They are stories of fact and fiction and occasionally something in between. Some voices will be familiar to many readers and others practically unknown. But all give us insights into these writers’ very varied Londons; and all tell their stories gratifyingly well.
Authors include John Evelyn, Thomas de Quincey, W. M. Thackeray, Henry Mayhew, Sir Arthur Conan Doyle, George Gissing, J. B. Priestley, Jean Rhys, Graham Greene, Muriel Spark, Maeve Binchy, Doris Lessing, Hanif Kureishi and Shena Mackay.
Published: 27 Mar 2013
Published: 6 Apr 2017
Love Stories brings together a captivating assortment of short stories inspired by romantic entanglement in its many forms: first love, infatuation, obsession, unrequited love, marriage, adultery, jealousy, and the complicated bonds of those who have spent their lives together.
An array of writers evoke a variety of moods, from the raw, erotic passion of Lawrence and Colette to the wickedlycynical comedy of Dorothy Parker and Roald Dahl; from the agonizing madness of jealousy in Nabokov's 'That in Aleppo Once ...' to romantic illusions in Scott Fitzgerald's 'Winter Dreams'. Objects of passion range from a glamorous silent-movie star in Elizabeth Bowen's haunting 'Dead Mabelle' to a faithful ghost in Kawabata's 'Immortality' and a successful heart surgeon and serial husband in Margaret Atwood's 'Bluebeard's Egg'. Jhumpa Lahiri plumbs the depths of a couple sundered by tragedy while Lorrie Moore movingly portrays a husband and wife brought together by it.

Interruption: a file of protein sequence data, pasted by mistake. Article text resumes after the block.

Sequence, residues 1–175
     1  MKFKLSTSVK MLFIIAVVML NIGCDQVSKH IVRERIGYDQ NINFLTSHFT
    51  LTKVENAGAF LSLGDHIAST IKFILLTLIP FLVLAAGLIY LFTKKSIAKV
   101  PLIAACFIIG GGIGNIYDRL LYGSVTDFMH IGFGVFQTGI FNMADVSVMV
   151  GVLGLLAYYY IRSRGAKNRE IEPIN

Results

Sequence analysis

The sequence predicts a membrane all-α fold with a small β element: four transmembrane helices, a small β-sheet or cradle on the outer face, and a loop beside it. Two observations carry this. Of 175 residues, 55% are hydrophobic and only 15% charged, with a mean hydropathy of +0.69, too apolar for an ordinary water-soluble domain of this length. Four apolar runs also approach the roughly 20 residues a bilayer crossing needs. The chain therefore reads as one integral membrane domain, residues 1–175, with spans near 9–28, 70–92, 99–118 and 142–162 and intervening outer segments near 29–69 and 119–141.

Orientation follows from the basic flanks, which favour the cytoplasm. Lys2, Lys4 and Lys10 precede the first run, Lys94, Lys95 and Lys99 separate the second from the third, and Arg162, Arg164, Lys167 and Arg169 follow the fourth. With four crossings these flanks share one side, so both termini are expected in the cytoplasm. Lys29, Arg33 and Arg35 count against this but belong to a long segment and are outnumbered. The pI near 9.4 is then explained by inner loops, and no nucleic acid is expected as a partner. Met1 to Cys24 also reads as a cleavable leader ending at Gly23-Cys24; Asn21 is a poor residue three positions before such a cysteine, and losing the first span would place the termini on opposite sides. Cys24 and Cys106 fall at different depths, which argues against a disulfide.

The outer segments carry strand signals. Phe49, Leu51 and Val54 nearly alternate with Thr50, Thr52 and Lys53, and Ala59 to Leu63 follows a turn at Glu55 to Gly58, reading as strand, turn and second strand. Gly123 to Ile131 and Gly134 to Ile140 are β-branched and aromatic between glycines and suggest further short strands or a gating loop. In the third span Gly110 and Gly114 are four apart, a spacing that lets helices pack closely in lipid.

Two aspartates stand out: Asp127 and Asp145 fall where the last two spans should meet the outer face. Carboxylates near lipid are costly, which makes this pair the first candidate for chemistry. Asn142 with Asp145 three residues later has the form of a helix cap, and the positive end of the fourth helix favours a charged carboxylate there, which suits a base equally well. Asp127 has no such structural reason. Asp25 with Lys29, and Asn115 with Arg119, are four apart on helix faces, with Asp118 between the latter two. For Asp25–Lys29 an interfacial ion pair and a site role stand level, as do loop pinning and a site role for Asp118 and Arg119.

Katherine Mansfield, Tobias Wolff and William Trevor explore the intricacies of long-term relationships, while Maupassant, Calvino and T. C. Boyle convey the elemental force of love in extremely different ways.
Together these nineteen stories make an enticing gift for lovers at any stage of life. Perfect for Valentine's Day.
Published: 5 Feb 2009